There must be some eggs around here somewhere!

"Getting dressed up stinks. Just give me my Lightning McQueen shirt and I'll be happy!"

Thursday, April 9, 2009

She's Baaack!!!

So what excuse is there that anyone would care to hear for being absent and neglectful for FIVE MONTHS!?! My fingers were crushed in a horrible farming accident and I couldn't type. I had severe post-election depression and have been institutionalized and over-medicated. I was cultivating a new-found romance with France and all things French. Priorities shift, deadlines loom, creative outlets get pushed to the periphery no matter how dearly they are missed. . .

Spring is a time of new beginnings. It's good to be back . . . .

Ode to Chickens

I have fancied chickens for as long as I can remember. Yes, the cluck, cluck, scratch, scratch variety. Don't ask why because I don't even know myself, but I just love chickens. Who can resist a chicken? Plump and soft, devoted mothers, fierce fathers, attractive hens, magnificent roosters, useful without being used up.

Honey gold Buff Orpington Stalwart Plymouth Rock Classic Americana Rhode Island Red

Old World Barnvelders (Check out the gold lacing pattern on the hen!) Sassy Wyandotte

One of my earliest chicken memories is of sitting in the backseat of my parents' car with my Grandma E, a former chicken farmer. I was about eight or nine and we were discussing all of the vagaries of raising chicks. Well, the discussion was more like a recitation of every chicken detail, fact or tip that I had memorized by checking out and reading every book our library had on chicken husbandry. As I talked about incubation, the specifications of a variety of do-it-yourself brooders, the correct height for the lightbulb used to keep new hatchlings at an optimum temperature (and how to tell), what to feed them and how to prevent them from drowning in their water AFTER you have dipped their baby beaks in to teach them how to drink, my grandma exclaimed, "I think you know more about chickens than I do!" What a compliment! I must have glowed for hours.

About an hour away is a world-renowned museum featuring a chick exhibit with incubated eggs at different stages so that every day, every hour, there are chicks hatching that people can watch. As a child and now as a parent with my own children, I have watched those chicks shake and quiver and struggle then rest and then shake and quiver and struggle some more to break free of their eggshell prisons. If you visit, your eyes will lock on one mini-struggle for life and if you have any sort of soul, you will not be able to walk away until you have seen "your" little fellow through his birthing ordeal. And if you are like me, a tear might slip down your cheek as you realize that watching something, anything, being born is one of the few true everyday miracles.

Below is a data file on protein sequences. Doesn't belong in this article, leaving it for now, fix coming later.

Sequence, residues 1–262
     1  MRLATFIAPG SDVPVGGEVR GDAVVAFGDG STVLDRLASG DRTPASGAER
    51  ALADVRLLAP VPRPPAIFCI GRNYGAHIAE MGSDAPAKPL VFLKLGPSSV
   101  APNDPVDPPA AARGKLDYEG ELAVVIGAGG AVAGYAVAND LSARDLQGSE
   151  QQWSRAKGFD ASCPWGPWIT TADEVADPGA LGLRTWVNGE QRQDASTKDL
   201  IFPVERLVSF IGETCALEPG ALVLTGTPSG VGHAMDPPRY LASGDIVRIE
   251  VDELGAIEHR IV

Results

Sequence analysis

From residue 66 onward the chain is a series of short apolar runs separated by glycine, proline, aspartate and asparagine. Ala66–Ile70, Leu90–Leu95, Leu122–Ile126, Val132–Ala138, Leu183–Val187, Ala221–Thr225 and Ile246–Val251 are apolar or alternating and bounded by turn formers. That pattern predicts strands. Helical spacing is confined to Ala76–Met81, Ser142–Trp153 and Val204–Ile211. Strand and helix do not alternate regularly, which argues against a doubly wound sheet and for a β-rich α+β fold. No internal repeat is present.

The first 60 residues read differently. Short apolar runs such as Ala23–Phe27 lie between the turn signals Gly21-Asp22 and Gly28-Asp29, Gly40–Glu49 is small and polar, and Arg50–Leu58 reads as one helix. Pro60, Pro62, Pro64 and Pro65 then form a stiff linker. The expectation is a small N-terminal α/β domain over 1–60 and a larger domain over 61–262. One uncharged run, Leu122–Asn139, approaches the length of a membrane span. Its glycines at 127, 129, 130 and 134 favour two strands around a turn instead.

So you might think that with this great chicken love-fest going on here, Mustard Seed House must be home to a flock of chickens, real or otherwise. I wish I could report that I have a happy klatsch of ladies in my backyard, but alas, city ordinances being as unprogressive as they are, backyard flocks are banned. (If I ever run for local office, it will be on a chicken platform -- "A chicken in every yard!") But that is not to say that I have not dreamed of clandestine coops and fantasy flocks (if guys can have fantasy leagues, why can't I?!). My gals even have names: Selma, Matilda, Frieda, Bertha, Erna, Dorothy and Gertrude in honor of my grandmothers' and great-grandmothers' first and middle names. I envision misty mornings, going out to release my girls from their coop where they have cozily roosted all night, scattering some feed at my feet as they jostle their plump feathery bodies to scratch and cluck and hunt for bugs, gathering warm eggs in a rainbow of dusky colors and creating simple, yet divine, egg-based dishes that friends and family clamor for. Oh the life!